Other popular channels that require subscriptions include HBO, Showtime, MLB.TV, NBA, ESPN, NFL, Disney, and many more. There are a lot of free channels on Roku too. Some good ones are Crackle (movies and older TV shows), iHeart Radio (music), Pandora (music), PBS, and YouTube. If you haven’t explored YouTube in depth, you might be surprised as to what’s available on YouTube. There are lots of news channels too. As I said, there are over 3000 channels and many of them are very specific. The Dog Relaxation channel is something you can play for your dog while you are gone. There’s one for cats too. Not sure what you are supposed to do if you have a dog and a cat. Are you a UFO fanatic? There’s channels for you. Are you a bride to be? Yep. You’re covered. Do you like to watch goats? If so, try Goats Live! Actually, this is one of the more popular channels, believe it or not. Enjoy listening to 911 calls? Yep, there’s a channel for that. And yes, of course, there are channels just for adults. For a list of channels on Roku, click here.

There is something I want to make sure you understand. When you watch a channel on Roku, it’s not like watching on cable TV. When you switch to a channel on cable TV, you see whatever is playing at that time. Whatever it is may have just started or may be half over. For example, let’s say it is 15 minutes past the hour and you tune into PBS on cable TV and Sesame Street is on. You missed the first 15 minutes but can watch the rest live. On a streaming media player like Roku, when you go to the PBS Kids channel, it lists a bunch of shows that you can watch. One of them is Sesame Street. They aren’t live. You can select the show and episode you want to watch and watch it from beginning to end.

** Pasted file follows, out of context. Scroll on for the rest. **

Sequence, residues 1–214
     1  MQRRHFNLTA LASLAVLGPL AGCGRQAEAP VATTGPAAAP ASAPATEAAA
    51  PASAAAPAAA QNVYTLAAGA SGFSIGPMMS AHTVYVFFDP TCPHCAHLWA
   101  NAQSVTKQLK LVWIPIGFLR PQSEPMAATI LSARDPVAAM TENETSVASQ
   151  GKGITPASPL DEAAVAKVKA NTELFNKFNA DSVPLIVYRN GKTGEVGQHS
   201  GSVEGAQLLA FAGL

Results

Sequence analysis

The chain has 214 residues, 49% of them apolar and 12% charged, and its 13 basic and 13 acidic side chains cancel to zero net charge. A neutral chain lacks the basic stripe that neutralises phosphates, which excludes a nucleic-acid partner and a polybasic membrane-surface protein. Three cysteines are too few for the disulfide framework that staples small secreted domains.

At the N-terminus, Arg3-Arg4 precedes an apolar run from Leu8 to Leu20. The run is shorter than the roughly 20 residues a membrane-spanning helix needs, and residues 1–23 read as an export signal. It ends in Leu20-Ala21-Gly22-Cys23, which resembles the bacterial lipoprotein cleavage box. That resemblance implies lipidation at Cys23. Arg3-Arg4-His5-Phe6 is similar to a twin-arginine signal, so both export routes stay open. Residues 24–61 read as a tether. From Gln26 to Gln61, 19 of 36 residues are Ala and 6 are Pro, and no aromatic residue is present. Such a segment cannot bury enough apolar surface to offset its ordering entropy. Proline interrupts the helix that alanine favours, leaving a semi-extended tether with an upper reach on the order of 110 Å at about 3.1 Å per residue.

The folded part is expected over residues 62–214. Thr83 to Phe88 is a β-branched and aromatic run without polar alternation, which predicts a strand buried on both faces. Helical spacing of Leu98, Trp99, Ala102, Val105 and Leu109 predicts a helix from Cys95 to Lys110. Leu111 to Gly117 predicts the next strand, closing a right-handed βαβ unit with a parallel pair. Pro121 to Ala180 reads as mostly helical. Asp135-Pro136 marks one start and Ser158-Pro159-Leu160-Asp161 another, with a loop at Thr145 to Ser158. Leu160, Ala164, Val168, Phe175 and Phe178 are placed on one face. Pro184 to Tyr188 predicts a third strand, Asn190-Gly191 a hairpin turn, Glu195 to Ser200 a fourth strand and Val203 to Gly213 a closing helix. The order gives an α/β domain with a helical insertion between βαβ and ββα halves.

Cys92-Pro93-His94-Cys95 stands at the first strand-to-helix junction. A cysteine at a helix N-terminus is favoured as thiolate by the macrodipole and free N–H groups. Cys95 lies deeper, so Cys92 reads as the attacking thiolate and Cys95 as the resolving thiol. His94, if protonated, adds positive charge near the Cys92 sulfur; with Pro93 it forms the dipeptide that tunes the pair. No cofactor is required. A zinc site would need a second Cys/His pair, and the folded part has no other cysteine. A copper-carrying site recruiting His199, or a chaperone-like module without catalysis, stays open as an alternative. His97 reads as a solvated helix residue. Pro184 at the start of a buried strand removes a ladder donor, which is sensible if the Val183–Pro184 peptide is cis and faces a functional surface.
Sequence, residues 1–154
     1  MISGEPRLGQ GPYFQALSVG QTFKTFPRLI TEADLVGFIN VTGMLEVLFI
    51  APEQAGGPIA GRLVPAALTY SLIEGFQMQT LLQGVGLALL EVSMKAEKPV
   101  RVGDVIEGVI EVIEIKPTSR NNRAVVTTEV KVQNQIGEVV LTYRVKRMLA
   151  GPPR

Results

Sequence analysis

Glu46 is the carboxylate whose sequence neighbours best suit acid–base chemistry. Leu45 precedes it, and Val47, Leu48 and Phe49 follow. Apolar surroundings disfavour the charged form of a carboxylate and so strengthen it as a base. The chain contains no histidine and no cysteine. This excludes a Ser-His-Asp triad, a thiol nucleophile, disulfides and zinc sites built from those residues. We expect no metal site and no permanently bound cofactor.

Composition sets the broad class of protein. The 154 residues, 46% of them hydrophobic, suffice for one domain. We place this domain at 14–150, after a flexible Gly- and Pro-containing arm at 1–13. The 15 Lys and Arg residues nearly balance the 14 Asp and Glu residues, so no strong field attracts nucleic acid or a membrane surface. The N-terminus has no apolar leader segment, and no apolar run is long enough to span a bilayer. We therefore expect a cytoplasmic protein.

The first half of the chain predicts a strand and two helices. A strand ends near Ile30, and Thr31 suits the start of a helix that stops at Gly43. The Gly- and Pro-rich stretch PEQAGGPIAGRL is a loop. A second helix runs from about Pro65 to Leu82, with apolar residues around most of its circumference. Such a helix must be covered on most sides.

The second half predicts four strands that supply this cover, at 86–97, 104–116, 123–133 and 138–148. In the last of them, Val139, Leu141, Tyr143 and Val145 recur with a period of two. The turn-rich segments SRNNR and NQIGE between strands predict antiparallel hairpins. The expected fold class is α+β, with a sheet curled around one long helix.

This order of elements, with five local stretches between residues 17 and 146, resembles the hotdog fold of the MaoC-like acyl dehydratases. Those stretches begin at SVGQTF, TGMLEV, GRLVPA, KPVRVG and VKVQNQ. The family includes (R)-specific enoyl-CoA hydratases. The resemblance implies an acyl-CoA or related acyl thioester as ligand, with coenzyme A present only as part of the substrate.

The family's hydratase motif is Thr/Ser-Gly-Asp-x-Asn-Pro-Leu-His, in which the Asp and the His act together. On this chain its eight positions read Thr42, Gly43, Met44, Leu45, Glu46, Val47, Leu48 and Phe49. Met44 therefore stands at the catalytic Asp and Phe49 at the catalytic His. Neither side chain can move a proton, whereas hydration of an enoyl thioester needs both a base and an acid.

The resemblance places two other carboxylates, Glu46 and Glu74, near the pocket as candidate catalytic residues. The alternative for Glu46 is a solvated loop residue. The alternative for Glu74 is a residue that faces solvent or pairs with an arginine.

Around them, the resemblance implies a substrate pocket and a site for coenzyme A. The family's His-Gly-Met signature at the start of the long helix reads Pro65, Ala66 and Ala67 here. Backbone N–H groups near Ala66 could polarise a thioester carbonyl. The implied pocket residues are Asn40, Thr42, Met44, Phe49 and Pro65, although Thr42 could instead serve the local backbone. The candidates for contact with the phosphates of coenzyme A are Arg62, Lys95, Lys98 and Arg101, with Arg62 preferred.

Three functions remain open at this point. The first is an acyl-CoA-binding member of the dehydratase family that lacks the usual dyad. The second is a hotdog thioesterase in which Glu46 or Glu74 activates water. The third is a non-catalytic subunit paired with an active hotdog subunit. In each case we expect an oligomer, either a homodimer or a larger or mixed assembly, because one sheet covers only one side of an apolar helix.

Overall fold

Having said that, there is now a service that basically gives you live cable TV on your media streaming player. That service is Sling TV. The basic package is $20/month and includes 25 cable channels that you can watch live. But you can’t record them and watch them later. And you can’t skip commercials. If you are a sports nut (I’m not) the basic package (Sling Orange) includes ESPN and ESPN 2. Their top of the line package (Sling Blue) includes those plus NFL Network, NBC Sports Network, and Fox Sports 1 & 2. They also have a Sports Extra add-on for $5/month which gives you eight more sports/outdoor channels.
A Roku alone wasn’t enough for me. Although there are Roku channels that let you watch your local news live, I wanted to be able to watch and record shows from local TV. A new breed of device has come on the market in the last couple of years. These devices are called Over-The-Air DVR’s. They connect to an antenna and to your local network (your router) either wired or wireless. Once connected, just install the corresponding app on your media streaming players and you can watch and record local TV on all of the streaming media players in your house. And you only need one OTA DVR to service the whole house. Of course these devices aren’t cheap. The one I have is called Tablo. It was $200 plus a $50/year subscription.

So for the basic setup, you have hardware costs for Roku 3 ($100), Tablo ($200), and a TV antenna for Tablo ($40). So startup costs are $340. In terms of subscriptions, the only subscription you have to have is for Tablo which is $50/year or about $4.17/month. That’s a lot cheaper than $200/month for cable TV.

For the sake of cost comparison, let’s say you want Sling TV (the basic package) ($20. In addition, let’s say you want Netflix ($8), Hulu ($8), and HBO ($15). Now your monthly subscription cost has gone to $55.17. Still much cheaper than Cable TV.
Let’s say you only want Sling TV and you want their biggest package ($25) but you want to add Kids add-on ($5), HBO add-on ($15), Comedy add-on ($5), and the Lifestyle add-on ($5). That gives you 66 cable channels with a total monthly subscription cost of $59.17 including the Tablo subscription.